Baroque music is not the usual province of soprano Anna Netrebko, or contralto Marianna Pizzolato, or conductor Antonio Pappano, or the Orchestra dell'Accademia Nazionale di Santa Cecilia, Roma, so the listener might approach this tribute to the 300th anniversary of Giovanni Battista Pergolesi with some skepticism, but the performers do a terrific job. The orchestra uses modern instruments, so this is never going to be mistaken for a recording by Baroque specialists, but everyone involved approaches the challenge with such sensitivity and such evident excitement that listeners who don't demand absolute adherence to cutting-edge developments in early music practice are likely to be swept up.
New love, position, power, revenge, disguise, mistaken identity, complications and passionate devotion – the full spectrum of baroque opera seria is here in this new recording of Pergolesi’s ‘Adriano In Siria’. Franco Fagioli leads the cast, alongside Romina Basso, Yuriy Mynenko, Dilyara Idrisova, Juan Sancho and Cigdem Soyarslan, accompanied by the exuberant Polish orchestra Capella Cracoviensis under the baton of Jan Tomasz Adamus. Famed for his Stabat Mater, Pergolesi died aged just 26 but had already completed four opera seria; ‘Adriano in Siria’ is the third of these and has a libretto by Metastasio.
This release is dedicated to some of the most famous settings of the Stabat mater, revealing the genre's varying treatment by composers over the centuries. From Palestrina's effective use of polyphony to Pergolesi's unusually sparse instrumental accompaniment, we move forward in time to contributions by Vivaldi and Haydn. These compositions rank among some of the most famous and affective music ever composed.
When these recordings first came out, far in advance of the period instrument revolution, they were revelations. Though modern instruments were used, there was an effort to get performance practices right… And there was the incredibly powerful, absolutely heavenly sound of that chorus of men and boys, as well as the lifelike recordings that perfectly captured the vast space of the Chapel of King's College. Since that time there have been other performances that depict the letter of each work to a greater degree than these, but many listeners will argue that there are none that have better encapsulated the spirit of this music… These are star-studded "great singing" recordings in which the artists will be remembered as much as the music itself.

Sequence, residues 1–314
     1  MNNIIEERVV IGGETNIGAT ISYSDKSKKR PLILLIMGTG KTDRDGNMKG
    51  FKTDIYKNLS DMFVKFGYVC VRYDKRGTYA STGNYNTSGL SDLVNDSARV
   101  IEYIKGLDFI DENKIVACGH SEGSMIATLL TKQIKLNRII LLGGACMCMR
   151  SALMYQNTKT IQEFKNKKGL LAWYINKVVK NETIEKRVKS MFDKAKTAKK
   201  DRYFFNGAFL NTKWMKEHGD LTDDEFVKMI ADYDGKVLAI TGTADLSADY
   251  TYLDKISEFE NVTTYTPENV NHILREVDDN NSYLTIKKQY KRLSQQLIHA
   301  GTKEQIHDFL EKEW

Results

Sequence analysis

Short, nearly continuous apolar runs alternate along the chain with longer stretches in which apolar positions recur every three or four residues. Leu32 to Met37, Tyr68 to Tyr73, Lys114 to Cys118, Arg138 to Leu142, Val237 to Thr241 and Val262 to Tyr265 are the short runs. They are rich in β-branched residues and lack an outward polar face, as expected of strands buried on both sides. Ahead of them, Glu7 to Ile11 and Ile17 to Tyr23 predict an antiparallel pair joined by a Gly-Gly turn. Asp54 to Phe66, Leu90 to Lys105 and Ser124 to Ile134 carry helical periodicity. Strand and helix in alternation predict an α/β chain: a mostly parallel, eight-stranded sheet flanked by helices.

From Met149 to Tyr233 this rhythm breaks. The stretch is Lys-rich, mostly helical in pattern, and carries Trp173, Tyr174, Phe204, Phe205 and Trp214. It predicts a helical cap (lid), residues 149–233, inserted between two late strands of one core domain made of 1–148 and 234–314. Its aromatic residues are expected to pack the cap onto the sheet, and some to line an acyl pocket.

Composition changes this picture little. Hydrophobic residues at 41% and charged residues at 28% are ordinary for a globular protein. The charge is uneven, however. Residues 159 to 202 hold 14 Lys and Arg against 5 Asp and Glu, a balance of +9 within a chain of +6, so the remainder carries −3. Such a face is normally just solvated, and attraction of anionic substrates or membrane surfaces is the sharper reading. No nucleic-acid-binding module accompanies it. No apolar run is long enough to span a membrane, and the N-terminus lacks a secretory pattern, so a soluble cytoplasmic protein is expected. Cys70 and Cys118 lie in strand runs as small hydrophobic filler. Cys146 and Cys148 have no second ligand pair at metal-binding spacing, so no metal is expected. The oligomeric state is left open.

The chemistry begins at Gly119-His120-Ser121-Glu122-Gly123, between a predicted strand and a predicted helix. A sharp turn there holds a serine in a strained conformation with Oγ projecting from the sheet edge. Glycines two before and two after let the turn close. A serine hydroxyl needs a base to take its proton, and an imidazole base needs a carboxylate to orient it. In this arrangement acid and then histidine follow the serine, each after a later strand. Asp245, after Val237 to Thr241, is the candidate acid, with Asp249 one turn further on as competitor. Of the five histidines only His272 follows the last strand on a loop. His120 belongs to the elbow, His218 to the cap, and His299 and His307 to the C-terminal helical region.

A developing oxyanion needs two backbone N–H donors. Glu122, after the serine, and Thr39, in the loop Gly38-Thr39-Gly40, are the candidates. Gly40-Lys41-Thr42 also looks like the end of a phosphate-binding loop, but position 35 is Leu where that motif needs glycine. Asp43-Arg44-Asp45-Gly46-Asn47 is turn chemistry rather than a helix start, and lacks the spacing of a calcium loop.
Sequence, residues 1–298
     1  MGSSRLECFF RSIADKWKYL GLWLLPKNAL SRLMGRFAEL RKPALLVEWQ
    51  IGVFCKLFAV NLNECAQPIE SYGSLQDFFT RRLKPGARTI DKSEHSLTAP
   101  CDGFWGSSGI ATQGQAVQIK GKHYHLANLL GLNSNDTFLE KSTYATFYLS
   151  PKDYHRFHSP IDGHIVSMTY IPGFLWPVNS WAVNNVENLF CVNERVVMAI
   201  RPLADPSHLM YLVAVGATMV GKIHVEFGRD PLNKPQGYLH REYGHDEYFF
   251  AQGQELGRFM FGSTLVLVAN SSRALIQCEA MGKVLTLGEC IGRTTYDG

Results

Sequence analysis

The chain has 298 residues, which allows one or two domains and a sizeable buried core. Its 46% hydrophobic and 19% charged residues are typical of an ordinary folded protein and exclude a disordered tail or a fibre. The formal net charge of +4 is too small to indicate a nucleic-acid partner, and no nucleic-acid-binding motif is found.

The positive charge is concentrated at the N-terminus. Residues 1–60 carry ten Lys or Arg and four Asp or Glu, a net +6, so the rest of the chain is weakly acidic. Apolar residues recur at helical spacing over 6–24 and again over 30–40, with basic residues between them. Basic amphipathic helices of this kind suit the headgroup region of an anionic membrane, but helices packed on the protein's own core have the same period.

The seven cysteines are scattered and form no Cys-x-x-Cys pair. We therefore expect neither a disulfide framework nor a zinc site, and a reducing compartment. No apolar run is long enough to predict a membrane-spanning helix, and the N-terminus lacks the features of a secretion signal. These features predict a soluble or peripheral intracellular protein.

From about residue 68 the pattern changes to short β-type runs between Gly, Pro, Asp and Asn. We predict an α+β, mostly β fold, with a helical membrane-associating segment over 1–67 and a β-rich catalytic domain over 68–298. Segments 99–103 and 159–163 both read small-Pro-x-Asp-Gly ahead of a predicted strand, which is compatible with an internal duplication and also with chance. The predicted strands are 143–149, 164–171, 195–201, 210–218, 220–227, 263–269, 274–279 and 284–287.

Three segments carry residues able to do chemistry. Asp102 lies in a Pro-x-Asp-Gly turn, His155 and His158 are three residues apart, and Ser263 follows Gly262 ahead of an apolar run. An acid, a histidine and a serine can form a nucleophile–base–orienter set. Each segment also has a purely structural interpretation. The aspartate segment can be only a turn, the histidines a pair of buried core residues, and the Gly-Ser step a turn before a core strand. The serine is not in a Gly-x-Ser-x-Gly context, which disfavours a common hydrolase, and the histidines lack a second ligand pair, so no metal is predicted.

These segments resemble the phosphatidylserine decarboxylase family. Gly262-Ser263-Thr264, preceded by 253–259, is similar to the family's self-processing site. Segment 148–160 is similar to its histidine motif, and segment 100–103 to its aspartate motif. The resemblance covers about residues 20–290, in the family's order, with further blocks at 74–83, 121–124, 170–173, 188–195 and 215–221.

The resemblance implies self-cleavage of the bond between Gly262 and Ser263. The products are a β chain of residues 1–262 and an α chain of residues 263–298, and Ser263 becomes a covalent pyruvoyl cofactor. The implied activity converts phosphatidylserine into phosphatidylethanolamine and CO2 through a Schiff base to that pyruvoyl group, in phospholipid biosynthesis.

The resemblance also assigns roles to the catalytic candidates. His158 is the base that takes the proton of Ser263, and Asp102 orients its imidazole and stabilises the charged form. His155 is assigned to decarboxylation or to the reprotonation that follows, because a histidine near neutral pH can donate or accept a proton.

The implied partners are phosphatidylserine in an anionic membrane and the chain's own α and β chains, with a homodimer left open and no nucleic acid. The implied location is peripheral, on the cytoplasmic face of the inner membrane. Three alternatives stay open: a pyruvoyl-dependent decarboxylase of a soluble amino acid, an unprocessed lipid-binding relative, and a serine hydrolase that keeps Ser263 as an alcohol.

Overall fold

New love, position, power, revenge, disguise, mistaken identity, complications and passionate devotion the full spectrum of baroque opera seria is here in this brilliant, vivid setting of a powerful and moving story.
Pergolesi - a musical genius cut off in his prime. Famed for his Stabat Mater, even though he died aged just 26 he had already completed four opera seria; Adriano in Siria is the third of these. Composing for only around a decade before he succumbed to tuberculosis aged 26, Giovanni Battista Pergolesi was so well known for his music that the instant that his death was known, all Italy manifested an eager desire to hear and possess his productions …
Had Pergolesi not died young, his name would rank among the most stellar and influential of Italy’s 18th-century composers. Despite the brevity of his life – he died at 26 – Pergolesi created numerous deathless works
In this second album of Claudio Abbado’s Pergolesi Project, the renowned maestro conducts the Missa S. Emidio, Manca la guida al pie, Laudate pueri Dominum, and the Salve Regina in F minor. Abbado’s passion for this music meets these sacred compositions on the exalted level where they were composed… (The Times)
Certainly the somber beauty of Pergolesi's Stabat Mater for soprano, alto, and strings has a lot to do with its popularity. But it must be said that the story of the 26-year-old composer completing the work on his deathbed has always been too romantic for the public–or the music business–to resist. "The instant his death was known," wrote the famous 18th-century traveler Dr. Burney, "all Italy manifested an eager desire to hear and possess his productions." And so it's been ever since. In spite of the competition already on the market, it seems Decca just had to get its prize lyric soprano and hotshot young countertenor together to record the piece. –Matthew Westphal